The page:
After a year of waiting, rehabbing and working to get back, the last thing Dario Saric wanted to do was have to wait even more. But on a Phoenix Suns team that suddenly went three-deep at center, shaking off the rust and proving he was ready for big minutes would take time.

For the first two and a half months of the 2022-23 season, Saric was mostly a non-factor. He appeared in just 19 games, and when he wasn’t registering DNP-CDs, he was used sparingly, averaging 10.6 minutes a night.

That type of inconsistent role after waging an uphill battle to get back would test anyone’s patience.

“When you don’t get the minutes, you’re always going kind of got a rough time,” Saric said. “I think not just me, I think everybody. But I was trying to stay focused, work on my game every day, stay positive, wait for my chance. A couple guys get injured, I got the chance to play and started to play.”

His teammates attest to Saric’s commitment to improving as he waited for his chance. Mikal Bridges praised the work he’s put in to try and get back in rhythm, and Chris Paul recalled one telltale moment before Sunday’s game against the Memphis Grizzlies, which was on the second night of a back-to-back.

Paul said he went to the practice facility around 9:30 in the morning to make sure he’d be cleared to play. He saw Saric there, already getting a sweat going. Accounts like that make what the Homie’s doing now even sweeter.

“Rio’s got a little pep to his step now, you know what I mean?” Paul said. “That’s for all of us, when we go through things, you’re always trying to find that confidence and something to get you going, and man, it’s gotta feel good him. For him to be playin’ as well as he was right before we went to the Finals, and to go through the injuries and all that stuff, I’m probably most happy for him seeing him out there playing well.”

“Playing well” might be an understatement; Dario Saric is finally looking like pre-injury Dario Saric again.

Dario Saric showing signs of life

In Tuesday’s 129-97 win over the Charlotte Hornets, Saric was once again a notable contributor, finishing his night with a season-high-tying 19 points, 8 rebounds, 3 assists and 1 block. He shot 6-for-9 overall, 3-for-4 from long range and 4-for-4 from the foul line.

That performance followed up the 14 points, 8 rebounds, 4 assists and 3 steals he posted in Phoenix’s win over Memphis, all while going 4-for-5 overall and 6-for-7 from the charity stripe.

“Dario can hoop, man,” Cam Johnson said after Tuesday’s game. “He does a lot of everything, and you can rely on him to score, distribute, and he just plays with the flow that we like to play with. So when he’s out there, no matter the group, he can always make an impact on the game. Sometimes he’s a little bit more of a distributor, sometimes he’s more of a scorer. He can shoot, rebound, so that’s vintage Dario right there.”

It’s not just a limited two-game sample size either; Saric had been quietly turning the corner since the start of January:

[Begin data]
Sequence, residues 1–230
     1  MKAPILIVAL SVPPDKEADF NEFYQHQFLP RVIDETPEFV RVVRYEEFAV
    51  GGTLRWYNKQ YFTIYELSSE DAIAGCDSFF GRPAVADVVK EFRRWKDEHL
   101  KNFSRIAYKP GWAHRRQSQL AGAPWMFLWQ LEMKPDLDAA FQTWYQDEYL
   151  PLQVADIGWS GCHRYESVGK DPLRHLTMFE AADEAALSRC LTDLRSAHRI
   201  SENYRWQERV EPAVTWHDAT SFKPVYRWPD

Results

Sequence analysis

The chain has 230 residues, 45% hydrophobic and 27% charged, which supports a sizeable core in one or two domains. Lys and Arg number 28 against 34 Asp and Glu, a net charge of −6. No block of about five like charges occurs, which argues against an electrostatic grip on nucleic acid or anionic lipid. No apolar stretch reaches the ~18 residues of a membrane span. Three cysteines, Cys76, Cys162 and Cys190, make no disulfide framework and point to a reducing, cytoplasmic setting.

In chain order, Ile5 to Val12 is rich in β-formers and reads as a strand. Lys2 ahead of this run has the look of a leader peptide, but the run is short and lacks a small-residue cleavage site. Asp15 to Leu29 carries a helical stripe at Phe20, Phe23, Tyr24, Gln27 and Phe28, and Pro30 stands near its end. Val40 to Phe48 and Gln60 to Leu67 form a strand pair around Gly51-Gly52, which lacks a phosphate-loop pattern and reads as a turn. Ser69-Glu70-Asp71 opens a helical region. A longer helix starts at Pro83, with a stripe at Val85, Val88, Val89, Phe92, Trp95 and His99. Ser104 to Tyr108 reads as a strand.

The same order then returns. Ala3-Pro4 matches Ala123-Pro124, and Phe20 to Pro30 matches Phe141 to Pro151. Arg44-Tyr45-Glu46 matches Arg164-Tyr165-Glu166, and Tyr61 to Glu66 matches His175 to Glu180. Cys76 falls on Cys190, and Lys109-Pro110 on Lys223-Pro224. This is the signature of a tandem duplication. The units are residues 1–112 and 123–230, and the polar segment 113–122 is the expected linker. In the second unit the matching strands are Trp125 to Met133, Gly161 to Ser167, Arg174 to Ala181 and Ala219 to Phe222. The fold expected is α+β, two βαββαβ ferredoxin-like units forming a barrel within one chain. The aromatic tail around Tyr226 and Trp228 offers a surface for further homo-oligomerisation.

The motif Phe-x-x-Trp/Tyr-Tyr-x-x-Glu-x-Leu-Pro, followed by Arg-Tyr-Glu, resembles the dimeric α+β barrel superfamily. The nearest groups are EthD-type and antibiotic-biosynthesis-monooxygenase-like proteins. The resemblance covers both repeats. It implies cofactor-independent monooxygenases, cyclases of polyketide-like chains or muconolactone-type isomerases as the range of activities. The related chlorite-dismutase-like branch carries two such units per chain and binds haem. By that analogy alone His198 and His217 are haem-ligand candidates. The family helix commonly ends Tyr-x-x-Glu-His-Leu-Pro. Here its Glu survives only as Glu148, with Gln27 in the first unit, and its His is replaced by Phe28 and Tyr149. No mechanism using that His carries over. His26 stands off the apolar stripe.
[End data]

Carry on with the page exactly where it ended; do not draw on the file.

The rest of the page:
• December Saric (11 GP): 11.4 MPG, 4.5 PPG, 2.5 RPG, 1.0 APG, 37.2 FG%, 40.0 3P%
  • January Saric (11 GP): 19.3 MPG, 9.2 PPG, 4.7 RPG, 2.6 APG, 54.7 FG%, 46.4 3P%

As is the case with most players in the league, production is born from opportunity. Coach Monty Williams admitted Saric’s slow start to the season wasn’t helped by the lack of minutes he got. But in 11 games this season where the Homie has played at least 20 minutes, he’s been fairly productive, averaging 11.0 points, 5.5 rebounds and 3.1 assists a night on .500/.462/.901 shooting splits.

Individual stats don’t always equate with team success in this league, though. Saric had to prove himself capable before working his way back into the rotation. Lately, the eye test is confirming that the real Dario Saric might be back for good.

“It looks that way, but I hope he feels that way,” Williams said. “Any time you’re coming off of that type of injury, we’ve heard anywhere from a year and a half to two years before you start to feel like yourself again. And we’re at that point where he should be moving into that area where he’s not even thinking about it anymore and just playing natural, instinctive basketball.”

 

All season, Saric has insisted that his knee feels 100 percent. The biggest challenge was re-acclimating to the speed and athleticism of the game, being in the right spots in defensive coverages, and some of the other nuances that slip through the cracks after sitting out an entire NBA season.

“I think I was moving well before, but maybe didn’t show very well,” he explained. “But I feel more comfortable. I think guys trust me, I think coach trusts me more, so I kind of feel good out there on the court, feeling free more, let’s say.”

That feeling of freedom has translated into showing no hesitation on launching 3s — an area Williams pinpointed as a sign Saric is regaining his confidence.

“I like that he’s just catching it and shooting the ball, not thinking about who’s on this side or that side,” Williams said. “He’s been taking the shots.”

So far in January, Saric is taking 2.5 long-range attempts per game, a notable increase from the 1.8 he averaged in December. A couple of sharpshooting nights from beyond the arc to start the new year may have reignited that conviction to fire at will — even over close contests:

“It feels great, I try to work on my shot every day,” Saric said. “Sometimes you hesitate, I think it’s in a player’s mind if you miss a couple of them. Maybe I was struggling with that. But just when you see, one time, ball go through the net, it’s kind of easier for all of us to plays. I have a couple of good games, so I kind of feel more free to shoot the ball.”

Runaway Saric

The biggest concern with a guy like Saric coming off a serious knee injury was whether he’d be able to regain the speed and athleticism necessary to keep pace with some of the world’s most elite athletes. Those were never strengths for the Homie to begin with, but a couple of plays over the past few games confirm his body and mind are back to proper form.

In the first half against the Grizzlies, Saric corralled an errant pass, immediately put the ball on the floor, and sped his way up the court into the teeth of the transition defense. Rather than slow up or pass it off to a teammate, the Homie barreled forward with a full head of steam, laying the ball off the glass for an and-one.

Was it the most graceful finish? No. But watching Saric go coast-to-coast was an eye-opening sequence representing how far his aggression has progressed from even a few months ago.